The risk of chronic disease development is dependent on the biological, behavioural and psychosocial processes that operate throughout the life of an individual or population. Addressing chronic disease therefore requires a recognition and understanding of these critical factors.
The life course approach combines elements of both the foetal origins hypothesis and the adult lifestyle theory and has evolved in response to some of the limitations identified in both of these frameworks.
It develops the premise that different biological and social factors throughout life independently, cumulatively and interactively influence health and disease in later life. These start even before conception, accumulate throughout pregnancy, childhood and early adulthood and impact either negatively or positively on future health, wellbeing, social development and behaviour. Cumulative effects during an individual’s lifetime may also occur across generations. The framework further recognises that there are particular critical periods of development such as in utero, early infancy and during childhood and adolescence, when exposures have more influence on future health and health risk than at other times. In addition, there is evidence that during childhood and adolescence social and cognitive skills, coping strategies, attitudes and values are more easily acquired than at a later age; skills which have strong implication for future health and wellbeing.
There are four conceptual models of the life course approach:
a) The critical period model: when an ‘insult’ during a particular period of development has a lasting or lifelong effect.
(See foetal origins hypothesis).
b) The critical period model with later effect modifiers: when later life risk factors modify changes made during the
critical period. For example, the impact of normal nutrition on a baby who has experienced intrauterine under
nutrition (see foetal origins hypothesis).
c) Accumulation of risk with independent and uncorrelated insults: the gradual accumulation of different risk factors
and their impact on long term health and wellbeing. An accumulation of risk is likely to have greater impact than
a single risk or exposure.
d) Accumulation of risks with correlated insults: Chains or clusters of risk where one adverse or protective experience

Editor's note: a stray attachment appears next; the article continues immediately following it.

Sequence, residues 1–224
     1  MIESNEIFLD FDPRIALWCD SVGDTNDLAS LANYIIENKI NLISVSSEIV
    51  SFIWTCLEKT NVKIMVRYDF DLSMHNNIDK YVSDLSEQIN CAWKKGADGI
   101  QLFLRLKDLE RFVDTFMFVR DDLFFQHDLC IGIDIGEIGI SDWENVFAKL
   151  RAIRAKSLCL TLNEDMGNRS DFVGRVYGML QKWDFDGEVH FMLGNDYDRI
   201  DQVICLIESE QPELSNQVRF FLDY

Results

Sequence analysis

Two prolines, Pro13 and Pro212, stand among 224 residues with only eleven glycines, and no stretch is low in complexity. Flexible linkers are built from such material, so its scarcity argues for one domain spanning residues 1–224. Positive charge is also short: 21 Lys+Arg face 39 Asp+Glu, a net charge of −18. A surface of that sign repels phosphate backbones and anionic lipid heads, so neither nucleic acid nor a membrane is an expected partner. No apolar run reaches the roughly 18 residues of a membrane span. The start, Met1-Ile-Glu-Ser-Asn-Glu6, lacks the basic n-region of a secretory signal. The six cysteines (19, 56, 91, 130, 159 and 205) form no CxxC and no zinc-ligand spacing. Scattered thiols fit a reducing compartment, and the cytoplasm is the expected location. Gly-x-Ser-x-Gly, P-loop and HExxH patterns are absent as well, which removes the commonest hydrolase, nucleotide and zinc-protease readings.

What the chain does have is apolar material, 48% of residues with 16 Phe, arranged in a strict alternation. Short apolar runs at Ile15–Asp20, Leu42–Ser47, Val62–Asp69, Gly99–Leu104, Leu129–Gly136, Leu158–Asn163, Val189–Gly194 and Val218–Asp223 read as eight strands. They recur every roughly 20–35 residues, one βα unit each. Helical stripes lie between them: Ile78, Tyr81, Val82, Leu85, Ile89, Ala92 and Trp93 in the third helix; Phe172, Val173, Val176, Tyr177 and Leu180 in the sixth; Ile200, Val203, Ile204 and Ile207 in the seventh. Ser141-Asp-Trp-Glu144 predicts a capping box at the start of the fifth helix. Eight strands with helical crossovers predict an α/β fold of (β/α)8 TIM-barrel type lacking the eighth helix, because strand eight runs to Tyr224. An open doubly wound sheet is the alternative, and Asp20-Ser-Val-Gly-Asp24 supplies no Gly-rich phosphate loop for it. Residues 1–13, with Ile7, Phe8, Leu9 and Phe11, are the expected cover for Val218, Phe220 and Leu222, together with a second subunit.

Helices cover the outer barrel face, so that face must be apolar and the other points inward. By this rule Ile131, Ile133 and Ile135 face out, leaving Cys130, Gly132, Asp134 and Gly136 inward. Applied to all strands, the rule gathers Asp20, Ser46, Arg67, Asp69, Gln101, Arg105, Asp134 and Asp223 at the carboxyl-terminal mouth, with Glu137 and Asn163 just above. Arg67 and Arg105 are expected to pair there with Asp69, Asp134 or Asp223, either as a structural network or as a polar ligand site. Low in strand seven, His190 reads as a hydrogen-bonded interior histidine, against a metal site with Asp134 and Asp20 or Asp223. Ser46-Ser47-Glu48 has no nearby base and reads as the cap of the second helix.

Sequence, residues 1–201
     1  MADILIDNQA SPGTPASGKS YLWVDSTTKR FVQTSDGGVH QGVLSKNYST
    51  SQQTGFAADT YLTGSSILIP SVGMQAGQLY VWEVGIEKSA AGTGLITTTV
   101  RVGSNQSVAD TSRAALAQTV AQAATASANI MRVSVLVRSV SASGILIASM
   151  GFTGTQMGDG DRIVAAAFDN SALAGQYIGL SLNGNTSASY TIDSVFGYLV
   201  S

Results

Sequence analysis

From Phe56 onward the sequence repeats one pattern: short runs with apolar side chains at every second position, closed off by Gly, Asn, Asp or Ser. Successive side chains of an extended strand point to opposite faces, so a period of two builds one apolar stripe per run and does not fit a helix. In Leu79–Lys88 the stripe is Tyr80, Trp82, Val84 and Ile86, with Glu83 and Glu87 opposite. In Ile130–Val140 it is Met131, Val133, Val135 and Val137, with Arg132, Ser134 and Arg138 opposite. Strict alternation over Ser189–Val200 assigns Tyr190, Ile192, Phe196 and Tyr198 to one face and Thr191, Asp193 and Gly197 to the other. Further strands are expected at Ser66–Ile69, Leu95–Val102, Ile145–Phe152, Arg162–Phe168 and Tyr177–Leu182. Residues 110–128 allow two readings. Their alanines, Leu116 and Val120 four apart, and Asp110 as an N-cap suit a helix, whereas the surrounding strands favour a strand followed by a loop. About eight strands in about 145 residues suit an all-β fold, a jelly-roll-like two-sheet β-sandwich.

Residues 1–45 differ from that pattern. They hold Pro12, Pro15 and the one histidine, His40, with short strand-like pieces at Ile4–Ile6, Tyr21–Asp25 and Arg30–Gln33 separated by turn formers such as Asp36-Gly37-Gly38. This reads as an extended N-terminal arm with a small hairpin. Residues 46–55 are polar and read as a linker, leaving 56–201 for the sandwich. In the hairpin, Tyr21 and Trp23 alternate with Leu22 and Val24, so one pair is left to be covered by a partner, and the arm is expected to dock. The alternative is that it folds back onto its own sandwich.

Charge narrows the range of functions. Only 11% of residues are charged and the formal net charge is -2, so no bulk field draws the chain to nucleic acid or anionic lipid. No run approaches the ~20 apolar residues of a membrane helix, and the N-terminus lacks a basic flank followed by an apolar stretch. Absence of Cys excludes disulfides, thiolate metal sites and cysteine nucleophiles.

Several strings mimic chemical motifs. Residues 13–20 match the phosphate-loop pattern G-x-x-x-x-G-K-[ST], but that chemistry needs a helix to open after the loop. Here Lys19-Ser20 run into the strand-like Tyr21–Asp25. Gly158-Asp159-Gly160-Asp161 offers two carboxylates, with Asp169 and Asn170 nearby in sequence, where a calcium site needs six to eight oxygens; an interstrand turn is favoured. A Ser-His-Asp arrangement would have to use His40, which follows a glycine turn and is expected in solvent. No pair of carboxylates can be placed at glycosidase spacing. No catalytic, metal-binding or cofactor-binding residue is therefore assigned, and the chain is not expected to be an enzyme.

leads to another in a cumulative way. This may be biological or social. For example, repeated respiratory disease
in childhood may result in increased absence from school, lower education attainment, increased risk of smoking
and reduced likelihood of successful quitting.
Main limitations of this theory centre on limitations in research methodology particularly around the difficulty in carrying out and following up subjects in long term cohort studies or across generations.
3. Adult lifestyle/risk factors
3.1 Addressing ill health
The main causes of morbidity and mortality are as a result of poor lifestyle behaviour choices. Providing information and education will therefore help people to change their behaviour to improve their health.
The adult lifestyle approach focuses on how adult behaviours such as smoking, diet or exercise impact on the development of chronic disease and ill health. It is based on evidence from cohort studies such as that of Doll & Peto (1981) establishing a causal association between lung cancer and smoking, or diet and type II diabetes (Hu et al 2001).
The framework does not take into account why people make choices in the first place, failing to recognise the factors that influence behaviours such as socio-economic status and/or environmental factors. It therefore limits any approach of addressing potential risk to simply addressing individual behaviours and ignores the context in which those behaviours may occur. Contextual issues such as poor housing are often at a national policy level whereas a lifestyle approach is at an individual level and carries an inherent risk of ‘blaming the victim’ for their ill health.
- Barker DJP. In utero programming of chronic disease. Clinical Science. 1998. 95:115-128
- Doll R, Peto R (1981) The causes of cancer: quantitative estimates of avoidable risks of cancer in the United States today. J Natl Cancer Inst 66: 1191–1308
- Hu FB, Manson JE, Meir J. Diet, lifestyle and the risk of type 2 diabetes mellitus in women. N Engl J Med. 2001; 345:790-797
- Kuh D, Ben-Shlomo Y, Lynch J et al. Life course epidemiology. J Epidemiol Community Health. 2003; 57:778-783
- Langley-Evans. Developmental programming of health and disease. Proc Nutr Soc. 2006: 65(1):97-105
- Roseboom TJ, van der Meulen JH, Rayelli AC et al. Effects of prenatal exposure to the Dutch famine on adult disease in later life: an overview. Twin Res. 2001: 4(5):293-8
- Stanner SA & Yudkin JS. Fetal programming and the Leningrad siege study. Twin Res. 4(5): 287-92
- World Health Organisation. A life course approach to health. WHO (200): Geneva
© Hannah Pheasant 2008, Mary Hall 2017